Down the Rabbit Hole to the Threshold of the Unglishable
So true. My unincarnated co-conspirator Petey talks a good game, but as you know, he can get very evasive when you try to pin him down. Are you being literal? Metaphorical? Symbolic? Allegorical? Obnoxious? Was that a joke? Hey, where did you go?
Anyway, have you ever have that exalted feeling that you've stumbled upon the key to the world enigma? That you've crashed through the doorways of the divine imagination and glimpsed the eschaton in all its naked glory? That you've been deputized by the Aion to disclose its inner secret, only to forget what it was when you wake up the next morning sober?
As you can see from my recent posts, I've been thinking very hard about certain spiritual matters that I had previously had to place on the back burner, partly due to the demands of trying to blog about the deep psychological structure of horizontal politics on a daily basis. In fact, I did this in violation of my own advice found on page 234 of my book: "It is critical to consume the proper spiritual 'food' and cut back on the graven mass media images that draw you into the 'tempest of the day.'" These things "resonate at a certain frequency that will awaken a sympathetic response in you if you are not vigilant." Therefore, "you must 'wean yourself from the momentary' (Kierkegaard) and make sure you give yourself each day your daily transubstantial bread."
I suppose that's one thing I've been trying to do with the blog lately--provide a quiet little vertical roadside diner where people can come and visit amidst the roiling insanity of the world. I will still write about politics from time to time, but we are in such good hands with ShrinkWrapped and Dr. Sanity in that regard. They probably don't even realize how important their work is. They are doing something truly novel--something that has never successfully been done in the past. You'd think it would be easy, but most past attempts to apply psychological principles to culture, politics and history have been either hopelessly shallow or ridiculously transparent agenda-driven twaddle produced by vaguely Marxist hack-, wack,- and attackademics. For that reason, psychohistory quickly discredited itself and no one took it seriously. ShrinkWrapped, Dr. Sanity, and others are virtually resurrecting this moribund field, whether they know it or not. The discipline is full of potential pitfalls, and it takes a wise and self-aware person to avoid them, because it is easily prone to excesses--explaining too much, or simply tarring your ideological enemies with a pathological brush. They do neither.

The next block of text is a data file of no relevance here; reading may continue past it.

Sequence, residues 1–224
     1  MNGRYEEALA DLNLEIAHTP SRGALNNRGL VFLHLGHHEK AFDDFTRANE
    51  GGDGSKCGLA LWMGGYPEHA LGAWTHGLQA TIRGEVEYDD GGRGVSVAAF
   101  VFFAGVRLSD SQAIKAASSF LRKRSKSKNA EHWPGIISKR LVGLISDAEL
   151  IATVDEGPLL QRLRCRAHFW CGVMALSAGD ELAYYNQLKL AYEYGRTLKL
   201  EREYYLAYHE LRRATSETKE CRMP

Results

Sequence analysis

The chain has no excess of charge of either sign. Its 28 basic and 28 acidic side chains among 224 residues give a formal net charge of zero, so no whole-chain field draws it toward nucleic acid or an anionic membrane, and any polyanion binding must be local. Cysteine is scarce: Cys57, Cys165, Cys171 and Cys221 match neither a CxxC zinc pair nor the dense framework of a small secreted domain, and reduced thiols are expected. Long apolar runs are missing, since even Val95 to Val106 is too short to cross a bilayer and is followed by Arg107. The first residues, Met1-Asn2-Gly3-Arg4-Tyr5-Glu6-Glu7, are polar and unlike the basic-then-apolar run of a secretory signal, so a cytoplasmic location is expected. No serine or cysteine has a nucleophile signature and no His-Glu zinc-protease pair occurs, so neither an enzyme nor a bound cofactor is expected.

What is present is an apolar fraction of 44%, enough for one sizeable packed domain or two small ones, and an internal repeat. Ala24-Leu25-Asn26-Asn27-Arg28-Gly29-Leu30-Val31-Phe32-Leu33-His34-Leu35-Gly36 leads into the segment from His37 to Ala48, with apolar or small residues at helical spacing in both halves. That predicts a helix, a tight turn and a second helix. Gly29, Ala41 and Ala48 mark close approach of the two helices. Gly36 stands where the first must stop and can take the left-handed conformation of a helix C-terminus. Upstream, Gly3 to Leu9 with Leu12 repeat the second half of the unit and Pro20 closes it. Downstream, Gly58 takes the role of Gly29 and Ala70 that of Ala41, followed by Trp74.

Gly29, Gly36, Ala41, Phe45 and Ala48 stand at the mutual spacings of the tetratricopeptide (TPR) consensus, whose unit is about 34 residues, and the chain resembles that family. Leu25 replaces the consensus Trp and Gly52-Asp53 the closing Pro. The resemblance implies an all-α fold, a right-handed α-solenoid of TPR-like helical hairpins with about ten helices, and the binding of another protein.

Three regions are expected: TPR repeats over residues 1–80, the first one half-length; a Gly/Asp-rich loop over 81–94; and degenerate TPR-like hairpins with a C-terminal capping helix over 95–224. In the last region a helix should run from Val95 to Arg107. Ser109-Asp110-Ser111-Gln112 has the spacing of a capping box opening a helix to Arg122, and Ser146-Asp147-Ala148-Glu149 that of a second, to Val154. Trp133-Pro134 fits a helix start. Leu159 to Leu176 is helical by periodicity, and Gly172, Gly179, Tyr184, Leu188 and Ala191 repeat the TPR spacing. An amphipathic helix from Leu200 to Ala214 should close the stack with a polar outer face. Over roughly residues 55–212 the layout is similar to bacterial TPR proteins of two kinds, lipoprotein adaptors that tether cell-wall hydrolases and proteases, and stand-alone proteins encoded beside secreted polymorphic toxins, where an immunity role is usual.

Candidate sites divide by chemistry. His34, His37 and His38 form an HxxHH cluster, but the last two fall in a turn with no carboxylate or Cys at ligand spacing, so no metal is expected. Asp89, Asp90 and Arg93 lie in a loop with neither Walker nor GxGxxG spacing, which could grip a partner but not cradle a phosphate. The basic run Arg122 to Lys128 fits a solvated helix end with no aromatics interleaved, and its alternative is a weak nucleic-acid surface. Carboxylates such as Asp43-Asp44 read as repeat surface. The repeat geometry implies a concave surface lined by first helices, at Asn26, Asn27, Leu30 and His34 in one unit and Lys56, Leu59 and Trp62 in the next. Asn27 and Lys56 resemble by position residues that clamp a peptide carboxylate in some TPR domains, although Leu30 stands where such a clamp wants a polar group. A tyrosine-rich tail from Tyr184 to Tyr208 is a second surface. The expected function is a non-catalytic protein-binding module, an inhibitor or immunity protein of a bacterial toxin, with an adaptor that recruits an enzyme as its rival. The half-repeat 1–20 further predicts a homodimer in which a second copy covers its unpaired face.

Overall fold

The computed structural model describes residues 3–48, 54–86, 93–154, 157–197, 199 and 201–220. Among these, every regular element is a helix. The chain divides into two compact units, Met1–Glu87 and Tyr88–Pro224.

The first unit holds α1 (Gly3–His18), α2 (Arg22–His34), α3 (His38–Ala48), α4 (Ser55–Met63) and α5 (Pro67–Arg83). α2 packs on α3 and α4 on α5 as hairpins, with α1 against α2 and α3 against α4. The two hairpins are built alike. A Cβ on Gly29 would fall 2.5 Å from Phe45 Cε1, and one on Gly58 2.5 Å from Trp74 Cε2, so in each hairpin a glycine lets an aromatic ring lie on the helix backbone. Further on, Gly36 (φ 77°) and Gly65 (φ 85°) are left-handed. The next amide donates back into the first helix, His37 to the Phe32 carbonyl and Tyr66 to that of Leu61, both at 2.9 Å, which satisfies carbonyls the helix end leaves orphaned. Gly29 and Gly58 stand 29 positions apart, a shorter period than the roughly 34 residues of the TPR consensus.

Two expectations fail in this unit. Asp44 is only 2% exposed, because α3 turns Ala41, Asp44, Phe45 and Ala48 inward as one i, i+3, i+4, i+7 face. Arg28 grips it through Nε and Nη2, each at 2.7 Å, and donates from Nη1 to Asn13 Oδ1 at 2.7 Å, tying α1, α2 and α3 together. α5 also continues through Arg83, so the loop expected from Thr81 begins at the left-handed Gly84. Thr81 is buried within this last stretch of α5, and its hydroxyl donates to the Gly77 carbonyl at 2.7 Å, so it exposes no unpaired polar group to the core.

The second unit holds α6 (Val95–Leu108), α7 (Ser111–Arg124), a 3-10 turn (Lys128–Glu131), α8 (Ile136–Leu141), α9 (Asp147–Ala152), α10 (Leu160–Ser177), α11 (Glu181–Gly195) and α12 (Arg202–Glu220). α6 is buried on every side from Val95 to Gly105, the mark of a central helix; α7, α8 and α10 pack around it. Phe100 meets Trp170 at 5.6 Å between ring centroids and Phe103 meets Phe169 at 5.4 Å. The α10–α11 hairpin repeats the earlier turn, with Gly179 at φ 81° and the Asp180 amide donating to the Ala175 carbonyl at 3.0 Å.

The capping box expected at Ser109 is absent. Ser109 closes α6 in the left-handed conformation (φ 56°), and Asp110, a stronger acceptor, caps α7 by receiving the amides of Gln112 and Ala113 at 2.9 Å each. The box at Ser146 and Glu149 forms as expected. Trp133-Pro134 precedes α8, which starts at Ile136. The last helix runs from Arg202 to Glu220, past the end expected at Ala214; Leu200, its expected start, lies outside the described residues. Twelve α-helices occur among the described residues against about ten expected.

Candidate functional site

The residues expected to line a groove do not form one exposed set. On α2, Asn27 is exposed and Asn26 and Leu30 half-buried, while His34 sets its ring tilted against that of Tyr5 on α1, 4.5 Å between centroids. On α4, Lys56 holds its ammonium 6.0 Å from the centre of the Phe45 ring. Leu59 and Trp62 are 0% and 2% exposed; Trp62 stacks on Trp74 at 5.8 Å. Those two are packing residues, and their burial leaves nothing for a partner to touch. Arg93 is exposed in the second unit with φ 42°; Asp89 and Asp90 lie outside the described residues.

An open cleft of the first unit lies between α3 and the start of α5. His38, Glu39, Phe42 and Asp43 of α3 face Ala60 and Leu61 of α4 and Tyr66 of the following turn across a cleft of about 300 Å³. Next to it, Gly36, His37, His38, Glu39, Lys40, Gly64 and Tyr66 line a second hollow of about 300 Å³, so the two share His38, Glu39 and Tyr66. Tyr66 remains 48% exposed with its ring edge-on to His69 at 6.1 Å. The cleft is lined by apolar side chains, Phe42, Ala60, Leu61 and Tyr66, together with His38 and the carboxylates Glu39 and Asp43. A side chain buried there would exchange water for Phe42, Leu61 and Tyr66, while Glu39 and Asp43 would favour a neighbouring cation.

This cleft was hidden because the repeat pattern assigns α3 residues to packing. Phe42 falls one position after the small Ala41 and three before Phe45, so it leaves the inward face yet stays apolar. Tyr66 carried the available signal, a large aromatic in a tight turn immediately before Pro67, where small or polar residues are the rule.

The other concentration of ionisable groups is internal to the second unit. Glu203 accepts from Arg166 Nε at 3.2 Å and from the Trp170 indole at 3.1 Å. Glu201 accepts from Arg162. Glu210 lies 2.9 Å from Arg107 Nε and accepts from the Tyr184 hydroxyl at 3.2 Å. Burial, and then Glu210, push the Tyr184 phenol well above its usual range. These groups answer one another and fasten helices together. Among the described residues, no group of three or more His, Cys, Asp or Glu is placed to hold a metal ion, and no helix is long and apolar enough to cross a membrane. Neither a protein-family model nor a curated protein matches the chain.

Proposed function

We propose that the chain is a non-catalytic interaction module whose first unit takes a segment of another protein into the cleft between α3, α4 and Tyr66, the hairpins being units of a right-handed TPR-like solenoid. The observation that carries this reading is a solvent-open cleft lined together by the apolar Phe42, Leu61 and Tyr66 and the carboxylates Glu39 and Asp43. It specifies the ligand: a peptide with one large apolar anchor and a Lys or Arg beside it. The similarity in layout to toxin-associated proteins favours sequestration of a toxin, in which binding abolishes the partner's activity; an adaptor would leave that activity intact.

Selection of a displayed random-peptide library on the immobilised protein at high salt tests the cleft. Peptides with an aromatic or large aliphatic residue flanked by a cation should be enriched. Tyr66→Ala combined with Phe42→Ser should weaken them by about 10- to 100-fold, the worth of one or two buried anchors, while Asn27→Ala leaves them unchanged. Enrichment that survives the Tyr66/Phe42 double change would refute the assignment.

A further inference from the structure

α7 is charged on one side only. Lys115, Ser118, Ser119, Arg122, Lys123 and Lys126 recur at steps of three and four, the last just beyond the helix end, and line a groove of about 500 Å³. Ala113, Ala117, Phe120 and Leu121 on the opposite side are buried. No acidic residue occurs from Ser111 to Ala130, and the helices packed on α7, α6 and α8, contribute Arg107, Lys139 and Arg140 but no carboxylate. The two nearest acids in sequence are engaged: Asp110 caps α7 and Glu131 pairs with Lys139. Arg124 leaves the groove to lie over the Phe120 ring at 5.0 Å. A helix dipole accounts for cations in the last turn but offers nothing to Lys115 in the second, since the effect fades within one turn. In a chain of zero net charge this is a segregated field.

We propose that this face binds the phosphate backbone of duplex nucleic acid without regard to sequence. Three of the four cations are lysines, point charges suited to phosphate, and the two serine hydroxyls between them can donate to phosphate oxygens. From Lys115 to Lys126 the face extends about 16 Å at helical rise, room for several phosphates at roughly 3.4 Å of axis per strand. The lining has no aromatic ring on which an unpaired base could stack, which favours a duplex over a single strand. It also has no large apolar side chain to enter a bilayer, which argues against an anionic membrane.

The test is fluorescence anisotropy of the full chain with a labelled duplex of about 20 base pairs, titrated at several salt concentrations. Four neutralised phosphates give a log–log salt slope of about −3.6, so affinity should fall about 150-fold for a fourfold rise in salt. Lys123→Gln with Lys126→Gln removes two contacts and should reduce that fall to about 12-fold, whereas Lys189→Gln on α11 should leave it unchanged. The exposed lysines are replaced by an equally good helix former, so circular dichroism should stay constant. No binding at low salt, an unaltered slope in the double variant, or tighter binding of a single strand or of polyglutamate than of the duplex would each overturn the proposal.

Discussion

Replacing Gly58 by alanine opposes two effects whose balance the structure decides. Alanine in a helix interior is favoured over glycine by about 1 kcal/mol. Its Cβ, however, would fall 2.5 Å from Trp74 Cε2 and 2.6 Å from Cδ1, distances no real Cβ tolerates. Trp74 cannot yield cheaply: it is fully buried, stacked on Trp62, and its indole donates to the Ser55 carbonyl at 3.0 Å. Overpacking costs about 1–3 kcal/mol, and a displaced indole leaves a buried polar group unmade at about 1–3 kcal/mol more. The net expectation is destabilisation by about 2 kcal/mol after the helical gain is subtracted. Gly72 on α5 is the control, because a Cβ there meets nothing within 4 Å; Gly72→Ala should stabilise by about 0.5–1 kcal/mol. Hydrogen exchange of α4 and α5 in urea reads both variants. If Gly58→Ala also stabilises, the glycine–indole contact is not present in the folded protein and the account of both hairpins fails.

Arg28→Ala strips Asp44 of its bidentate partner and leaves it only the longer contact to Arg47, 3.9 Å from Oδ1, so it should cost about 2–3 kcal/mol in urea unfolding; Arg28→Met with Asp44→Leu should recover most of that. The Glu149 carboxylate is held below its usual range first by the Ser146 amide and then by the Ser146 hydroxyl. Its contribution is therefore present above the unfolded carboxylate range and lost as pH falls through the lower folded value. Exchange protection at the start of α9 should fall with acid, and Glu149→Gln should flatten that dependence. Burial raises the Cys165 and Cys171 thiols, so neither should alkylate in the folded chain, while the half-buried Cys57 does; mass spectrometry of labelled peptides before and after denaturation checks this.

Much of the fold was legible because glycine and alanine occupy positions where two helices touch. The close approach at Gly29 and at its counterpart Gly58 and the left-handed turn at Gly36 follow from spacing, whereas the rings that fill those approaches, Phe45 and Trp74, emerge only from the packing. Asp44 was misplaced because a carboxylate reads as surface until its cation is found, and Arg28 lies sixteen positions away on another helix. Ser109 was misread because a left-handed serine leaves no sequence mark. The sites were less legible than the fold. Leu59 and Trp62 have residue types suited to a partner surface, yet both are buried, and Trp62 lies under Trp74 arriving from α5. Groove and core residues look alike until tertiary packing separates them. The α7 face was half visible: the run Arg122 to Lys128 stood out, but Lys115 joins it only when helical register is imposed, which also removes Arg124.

Where was I? Oh yes. The spiritual explorations. As I mentioned, since I liberated myself somewhat from the day-to-day political trench warfare, I've been able to focus like the proverbial laser beam on certain problems that I essentially had to set aside after I finished my book in 2004. The very same week I submitted the final correction of the galleys I was diagnosed with Type I diabetes--how's that for timing?--and didn't feel very well, both physically and psychologically, for a number of months. I think the more "finely tuned" your physical instrument is, the more you notice subtle changes in your body, not to mention the gross changes brought about by having had your blood sugar deranged for who knows how many months.
Then, a few months later, the birth of my first child at the age of 49. Normally that wouldn't be a big deal, but with the diabetes, it introduced a new stressor into the situation that I hadn't planned on. I'm not complaining. It's just that I really have to take care of myself if I want to be around for some of those precious moments, like when he drops out of high school or steals his first car.
One of the things that makes me "believe in" the spiritual is that when you sincerely and humbly think about it, you get results. Once I began opening myself up to the problems I'd been thinking about, ideas and theories started pouring in. This also happened in the writing of my book. Solutions to problems don't exactly come from "thinking" or "problem solving" per se. Rather, you have to immerse yourself in a problem and wait for the answer to come. Where does it come from? I don't know. You could say "the unconscious," but I think that just begs the question, because if the unconscious is capable of such feats, we have to come up with a better name than "un" conscious, because it's very conscious. It may be "non" but it's certainly not "un" conscious. Actually, it's a different mode of consciousness.
Not only that--and here's the weird part, but it's true--it doesn't seem to work just "inside" but "outside" your so-called mind, as if you are a point in a nonlocal field that extends both inside and out. Obviously, many people have had this experience, most notably Carl Jung, who called it "synchronicity." Here again, it doesn't so much matter what causes it, so long as you notice that it does happen. In my case, subtle intuitions that point me this way and that, leading me along an invisible trail that shows me what I've been looking for. It's not as if "answers" are provided. Rather, it's more like a missing key is given--a key that exactly fits the problematic "lock" you've been thinking about.
If you look at all my recent posts, we've covered a lot of ground, but much of it revolves around the problems I've been working on, specifically, how to "build a more perfect logos," as Terence McKenna put it. That is, I'm trying to come up with a way to more effectively describe and communicate the "super conscious" world, in the same way Freud did with the unconscious. In so doing, some critical answers---or at least previously hidden signs pointing to potential answers--have been falling into my lap.
Unfortunately, I'm flat out of time. I will explain more in tomorrow's post.
*No time to spiel check today, so forgive any typos in my spiel.